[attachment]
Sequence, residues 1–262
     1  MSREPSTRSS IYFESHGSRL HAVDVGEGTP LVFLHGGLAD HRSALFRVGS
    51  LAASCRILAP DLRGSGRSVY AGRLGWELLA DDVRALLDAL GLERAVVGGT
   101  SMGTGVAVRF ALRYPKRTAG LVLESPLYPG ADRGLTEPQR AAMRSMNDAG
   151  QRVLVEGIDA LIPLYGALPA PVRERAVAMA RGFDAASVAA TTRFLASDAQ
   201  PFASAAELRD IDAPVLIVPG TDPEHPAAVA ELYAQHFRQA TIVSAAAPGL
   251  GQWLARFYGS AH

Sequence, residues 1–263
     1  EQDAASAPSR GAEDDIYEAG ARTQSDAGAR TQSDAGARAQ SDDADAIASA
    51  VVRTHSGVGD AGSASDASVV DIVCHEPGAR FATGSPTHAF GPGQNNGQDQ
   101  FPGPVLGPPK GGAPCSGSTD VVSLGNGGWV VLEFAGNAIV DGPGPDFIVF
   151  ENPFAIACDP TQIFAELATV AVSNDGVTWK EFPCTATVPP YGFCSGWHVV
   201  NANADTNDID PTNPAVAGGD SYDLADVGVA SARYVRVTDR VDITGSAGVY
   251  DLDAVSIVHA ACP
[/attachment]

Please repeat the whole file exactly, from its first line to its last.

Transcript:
Sequence, residues 1–262
     1  MSREPSTRSS IYFESHGSRL HAVDVGEGTP LVFLHGGLAD HRSALFRVGS
    51  LAASCRILAP DLRGSGRSVY AGRLGWELLA DDVRALLDAL GLERAVVGGT
   101  SMGTGVAVRF ALRYPKRTAG LVLESPLYPG ADRGLTEPQR AAMRSMNDAG
   151  QRVLVEGIDA LIPLYGALPA PVRERAVAMA RGFDAASVAA TTRFLASDAQ
   201  PFASAAELRD IDAPVLIVPG TDPEHPAAVA ELYAQHFRQA TIVSAAAPGL
   251  GQWLARFYGS AH

Sequence, residues 1–263
     1  EQDAASAPSR GAEDDIYEAG ARTQSDAGAR TQSDAGARAQ SDDADAIASA
    51  VVRTHSGVGD AGSASDASVV DIVCHEPGAR FATGSPTHAF GPGQNNGQDQ
   101  FPGPVLGPPK GGAPCSGSTD VVSLGNGGWV VLEFAGNAIV DGPGPDFIVF
   151  ENPFAIACDP TQIFAELATV AVSNDGVTWK EFPCTATVPP YGFCSGWHVV
   201  NANADTNDID PTNPAVAGGD SYDLADVGVA SARYVRVTDR VDITGSAGVY
   251  DLDAVSIVHA ACP